I recently published a blog post titled “International Expansion in Financial Services” discussing how banks are supporting the needs of multi-national companies through expansion into new geographies. Meeting the needs of demanding corporate clients in remote geographies can be challenging for global, national and regional banks. Banks challenged with meeting unusual global requirements frequently turn to specialized providers in those geographies with global reach and local expertise.  Here are some examples of unique client requirements by geography and how GXS’s extensive experience in financial services enabled their banking partners to cost-effectively meet their clients’ needs. Europe: EBICS — The Electronic Banking Internet Communications Standard (EBICS) is a communications protocol developed by the ZKA (German joint banking authority) and first implemented in Germany and France to replace the aging FTAM and ETEBAC X.25 protocols retired on June 30, 2012. The protocol is used to transfer data from a customer’s treasury management systems and the bank’s processing systems. As discussed in an earlier GXS blog, EBICS is just one of several host-to-host connectivity methods that a bank’s clients may use to transmit payments and receive transaction data. Another factor driving adoption of EBICS is that it is a SEPA-compliant protocol, a payment scheme being rolled out across the euro zone.  GXS launched EBICS-as-a-Service for financial institutions that do not want to invest in building an internal EBICS technology infrastructure and client delivery organization. SEPA — The Single Euro Payments Area (SEPA) integration initiative provides a set of harmonized payment schemes and frameworks for electronic euro-denominated payments. Facing an implementation deadline of February 2014, both banks and their corporate customers must migrate euro-denominated credit transfers and direct debits into SEPA-compliant formats. This migration is being discussed in many forums including the EuroFinance SEPA conference held earlier this year. That event highlighted the challenges facing banks as corporates struggle to modify ERP and other treasury systems to produce the SEPA required ISO 20022 XML formats. GXS is working with banks and corporates to route and transmit payment files for IBAN enrichment, SEPA direct debit mandate management, and SEPA payment factory applications. South America: FEBRABAN CNAB – For Brazilian low volume domestic payments, banks use the FEBRABAN (Federação Brasileira de Bancos) CNAB (Centro Nacional de Automação Bancária) 240 file format to digitally exchange information with their clients for a variety of products and services including payments, collections and account statements. As financial services firms such as Bank of America and U.S. Bancorp’s Elavon subsidiary expand into Brazil, they must deal with both domestic payment formats as well as the official Brazilian language, Portuguese. GXS’s Brazilian financial services experts, headquartered in São Paulo, work with both global and national banks to facilitate client connectivity, including customized solutions for the Brazilian market.    Asia-Pacific: ZENGIN – The Zengin Data Telecommunication System is a Japanese electronic interbank system developed by the ZENGINKYO (Japanese Bankers Association). The Zengin system processes domestic banking transactions, such as remittances and transfers, from Japanese financial institutions. In order to connect to the Zengin system, many banks and corporates need to use a Zengin TCP/IP adapter. GXS has provided Zengin connectivity for clients for several years and continues to see demand for the Zengin protocol from global firms expanding into Japan. AS4 – Although AS4 (Applicability Standard 4) is a global B2B messaging specification, its adoption is receiving a boost from an Australian initiative called “SuperStream.” In July 2011, the Australian Government began its implementation of SuperStream, designed to improve back office processing for government retirement benefits. The new data and e-commerce standard underlying the initiative establishes certain technology requirements including the use of ebXML3/AS4 (electronic business XML version 3.0) and AS4. GXS is working with its clients in Australia during the phased implementation of SuperStream. Corporate-to-Bank Connectivity: Want to learn more about global payment systems, standards bodies, file formats and communications protocols? Check out CorporateToBank.com’s Resource pages.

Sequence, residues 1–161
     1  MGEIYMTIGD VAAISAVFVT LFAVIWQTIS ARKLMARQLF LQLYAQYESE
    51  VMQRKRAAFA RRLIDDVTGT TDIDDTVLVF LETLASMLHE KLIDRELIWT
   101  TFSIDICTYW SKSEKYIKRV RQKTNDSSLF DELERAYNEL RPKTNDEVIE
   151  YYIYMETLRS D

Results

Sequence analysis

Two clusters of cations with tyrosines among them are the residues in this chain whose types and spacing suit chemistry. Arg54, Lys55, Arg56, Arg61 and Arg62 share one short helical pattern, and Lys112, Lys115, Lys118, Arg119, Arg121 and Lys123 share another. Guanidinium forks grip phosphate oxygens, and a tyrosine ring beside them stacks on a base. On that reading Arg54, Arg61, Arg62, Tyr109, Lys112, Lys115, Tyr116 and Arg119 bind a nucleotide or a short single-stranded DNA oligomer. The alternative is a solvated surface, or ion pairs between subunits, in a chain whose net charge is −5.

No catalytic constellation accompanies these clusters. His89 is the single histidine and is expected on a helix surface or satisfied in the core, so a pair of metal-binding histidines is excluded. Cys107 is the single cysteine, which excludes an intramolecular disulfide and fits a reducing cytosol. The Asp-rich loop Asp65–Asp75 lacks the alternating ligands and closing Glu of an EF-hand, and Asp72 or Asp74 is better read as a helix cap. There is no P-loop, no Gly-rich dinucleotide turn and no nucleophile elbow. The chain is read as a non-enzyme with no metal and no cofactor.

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Multi-Channel Demands: “Your Data, in Their Hands”

DM Magazine is a widely recognized bi-monthly publication circulated in the United Kingdom that focuses on Document Management and related subject matters, as well as the technologies around them. Recently, Actuate’s own Jeff Mills, VP International for Actuate Content Services Group , was featured. His article, “Your Data, in Their Hands,” focused on multi-channel delivery in today’s big data world. “Today there is more information than ever for companies to distil and keep track of,” Mills writes in the article. “Not only that, but customers increasingly want to interact with information – and to be able to access it at any time, wherever they happen to be.” In today’s age of big data, though, that’s more difficult than ever. So how do companies do it? Here are the main points Mills made: Traditional electronic document repositories and output solutions weren’t created to manage big data. They don’t have the depth of design necessary to keep up with demands for its seamless storage and presentment, while also adhering to regulatory requirements. More cohesive systems are required to satisfy modern customers’ demands. The typical file-based storage system used in repositories wastes space storing files individually, and has a limit on the number of files that can be stored. Adding storage capacity can also be complicated and expensive. A more future-proof and efficient system is needed to store transactional information and supporting resources separately, requiring less space. Every customer is different, and they want to interact with their information in unique ways, whether that be with their mobile devices, online, or through assistive technologies for those with special needs. To offer this, organizations need to consider multi-channel requirements when they create the information layout, in order to harness different technologies for different outputs. When document creation is tied to document storage, a more efficient system is formed, allowing for seamless document creation, storage and delivery. “The chain of custody from the document to its source data is clearer, and there’s no need to glue disparate pieces together, which can lead to messy results,” Mills writes. A single end-to-end solution helps ensure content integrity and makes it easier to search and find content quickly. Meanwhile, adding indexes can further enhance searching capabilities. Read the entire article: DM Strategy: Multi-Channel Delivery.